Tuesday, June 22, 2010

Lucky to be alive during pivotal point in human history

by Rep. Torrey Westrom

A strong argument can be made that issues pertaining to our economy, energy and the environment have put us on course to live the greatest story ever to be told by any generation.

As a member of the state's Energy Commission, I recently attended a seminar called Crash Course, conducted by research scientist Chris Martenson. His message is our economy, energy and environment are so deeply intertwined they must be addressed collectively if we’re going to make improvements in these areas.

Martenson says our economy must grow to support a money system based on borrowing, but is challenged by an energy system that cannot grow, and both of these are linked to a natural world that is rapidly being depleted (i.e., oil).

That is a lot to wrap your head around.

His take on our economy connects some dots – in light of what has happened to our economy. The way he explains it, our entire economic system – and by extension our way of life – is founded on exponential debt, and debt is founded on the assumption the future will always be bigger than the past.

But today our nation’s debt is 340 percent greater than the Gross Domestic Product, so we are in need of drastic changes if we are going to pay the debt we have today. Our country has failed to save money and outlived its means at virtually every level of society. That resulting debt does not belong to the President, Congress, or Washington in general; it ultimately belongs to you, me and all our taxpaying neighbors who will be responsible for paying it back, Martinson points out.

Martenson contends energy is the backbone of any given economy. But when an economy is based on an exponential debt based money system – otherwise known as a fiat money system – that is itself based on exponentially increasing energy supplies, the supply of that energy deserves our very highest attention.

The challenge then is in deciding which path will lead us to the greatest growth. Is it in more proficient use of any or all existing energy sources? Is it transitioning to a new, yet to be developed source, including some renewable energies?

This is where environmental issues come into play. Population growth continues to place more and more pressure on our planet’s resources. It took until 1927 for our worldly population to reach the two-billion mark, but we've added nearly five billion more people since. This growth has taken a toll on non renewable resources.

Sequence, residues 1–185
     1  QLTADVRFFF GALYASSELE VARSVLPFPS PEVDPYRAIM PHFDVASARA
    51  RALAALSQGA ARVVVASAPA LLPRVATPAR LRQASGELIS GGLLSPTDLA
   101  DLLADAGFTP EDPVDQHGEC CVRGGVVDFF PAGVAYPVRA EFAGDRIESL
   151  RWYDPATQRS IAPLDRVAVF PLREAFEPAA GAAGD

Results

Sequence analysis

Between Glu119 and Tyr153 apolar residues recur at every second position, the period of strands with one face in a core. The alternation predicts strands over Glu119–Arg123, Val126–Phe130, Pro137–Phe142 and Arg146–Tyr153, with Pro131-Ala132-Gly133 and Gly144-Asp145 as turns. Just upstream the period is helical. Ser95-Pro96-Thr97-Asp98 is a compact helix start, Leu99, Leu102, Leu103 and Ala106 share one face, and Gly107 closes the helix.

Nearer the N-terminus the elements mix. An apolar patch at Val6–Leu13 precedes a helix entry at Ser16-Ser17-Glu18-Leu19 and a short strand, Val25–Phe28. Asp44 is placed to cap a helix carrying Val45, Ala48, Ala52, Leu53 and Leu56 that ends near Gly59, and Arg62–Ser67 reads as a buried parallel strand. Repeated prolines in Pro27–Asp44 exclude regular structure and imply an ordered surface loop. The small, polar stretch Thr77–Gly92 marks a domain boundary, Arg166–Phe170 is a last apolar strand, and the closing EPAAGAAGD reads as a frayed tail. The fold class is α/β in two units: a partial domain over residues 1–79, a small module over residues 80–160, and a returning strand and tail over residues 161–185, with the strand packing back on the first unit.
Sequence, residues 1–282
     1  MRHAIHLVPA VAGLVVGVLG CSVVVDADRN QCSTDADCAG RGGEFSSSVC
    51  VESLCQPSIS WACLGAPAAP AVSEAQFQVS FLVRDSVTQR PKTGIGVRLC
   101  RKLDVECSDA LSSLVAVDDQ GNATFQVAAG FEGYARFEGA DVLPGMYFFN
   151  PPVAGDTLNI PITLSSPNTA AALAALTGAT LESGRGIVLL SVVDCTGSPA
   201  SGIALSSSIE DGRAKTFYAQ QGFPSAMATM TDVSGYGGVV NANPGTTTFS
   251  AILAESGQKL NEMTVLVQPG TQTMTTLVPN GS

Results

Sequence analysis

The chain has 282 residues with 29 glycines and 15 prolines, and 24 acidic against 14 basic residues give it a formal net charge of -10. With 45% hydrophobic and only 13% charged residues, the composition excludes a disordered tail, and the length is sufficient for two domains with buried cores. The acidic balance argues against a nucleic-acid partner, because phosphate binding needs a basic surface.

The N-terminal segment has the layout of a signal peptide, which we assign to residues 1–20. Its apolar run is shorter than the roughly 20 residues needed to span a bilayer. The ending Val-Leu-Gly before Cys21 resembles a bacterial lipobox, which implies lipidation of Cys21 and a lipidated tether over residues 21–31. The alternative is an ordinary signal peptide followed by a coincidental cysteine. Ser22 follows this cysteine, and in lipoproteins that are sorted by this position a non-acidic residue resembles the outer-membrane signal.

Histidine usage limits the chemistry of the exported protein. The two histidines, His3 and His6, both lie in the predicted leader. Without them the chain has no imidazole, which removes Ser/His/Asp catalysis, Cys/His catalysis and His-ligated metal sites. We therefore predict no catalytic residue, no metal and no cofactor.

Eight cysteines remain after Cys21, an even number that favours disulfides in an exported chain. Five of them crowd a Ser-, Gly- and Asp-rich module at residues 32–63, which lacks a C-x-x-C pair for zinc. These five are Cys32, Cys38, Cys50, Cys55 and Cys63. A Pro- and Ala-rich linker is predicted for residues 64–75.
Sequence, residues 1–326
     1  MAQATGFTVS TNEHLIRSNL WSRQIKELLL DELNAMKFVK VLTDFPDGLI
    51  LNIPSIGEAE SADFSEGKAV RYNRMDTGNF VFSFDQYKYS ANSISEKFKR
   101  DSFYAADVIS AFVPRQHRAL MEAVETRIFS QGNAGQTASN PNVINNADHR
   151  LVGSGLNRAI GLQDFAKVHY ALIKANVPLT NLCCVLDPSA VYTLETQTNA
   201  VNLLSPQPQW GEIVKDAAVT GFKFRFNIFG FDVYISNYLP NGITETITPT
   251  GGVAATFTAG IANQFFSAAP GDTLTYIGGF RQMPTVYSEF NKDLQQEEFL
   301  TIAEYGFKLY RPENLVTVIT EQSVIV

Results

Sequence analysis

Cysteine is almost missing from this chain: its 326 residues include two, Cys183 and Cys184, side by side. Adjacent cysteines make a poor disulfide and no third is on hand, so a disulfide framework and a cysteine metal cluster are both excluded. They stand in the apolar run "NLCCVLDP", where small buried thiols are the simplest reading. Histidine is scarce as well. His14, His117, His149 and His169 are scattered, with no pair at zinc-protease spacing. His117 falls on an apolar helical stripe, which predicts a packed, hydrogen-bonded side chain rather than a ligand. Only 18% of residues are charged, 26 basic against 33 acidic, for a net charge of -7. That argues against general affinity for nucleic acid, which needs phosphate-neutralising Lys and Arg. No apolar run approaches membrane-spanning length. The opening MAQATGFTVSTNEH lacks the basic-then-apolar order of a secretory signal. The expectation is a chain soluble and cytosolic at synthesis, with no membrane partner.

As ominous as this Crash Course between the economy, energy and environment may seem, we have the wherewithal to meet this challenge; it’s just going to take a willingness to make adjustments. I think most people would agree, we cannot continue on the same spending and consumption path we have taken. We must return to living within our means economically and make wise decisions where the environment and energy are centerpoint.

We need to set priorities and stick to them.

As Martenson puts it, we are lucky to be alive during a pivotal point in human history. We need our leaders at every level of government – especially in Washington D.C., where they control our money system – to understand how these aspects connect to one another. We must continue working for common-sense changes to make our lifestyle sustainable without going overboard on costly, burdensome and unneeded items or programs in our lives, state or country.

Bill Hilty, DFL-Hinckley, was key in bringing this speaker to our state and should be commended for helping spur deeper thought among us legislators. I wasn't sure what to expect going into the meeting.

Martenson challenged all of us to refute his facts, and in the six years he’s been researching and speaking about his Crash Course video, no one has been able to refute his assertions. I felt compelled to do more than just attend Martenson's presentation and wanted to share some of the points he raised to help Minnesota citizens become more aware of this information, conduct research themselves and draw their own conclusions. This may inspire us all to dig deeper for solutions that will again make our state and country great.

I hope you, too, review the material Martenson presented. Crash Course is available for free viewing at his Web site: www.chrismartenson.com. I welcome your feedback after you've reviewed Martenson's material. My email is rep.torrey.westrom@house.mn.

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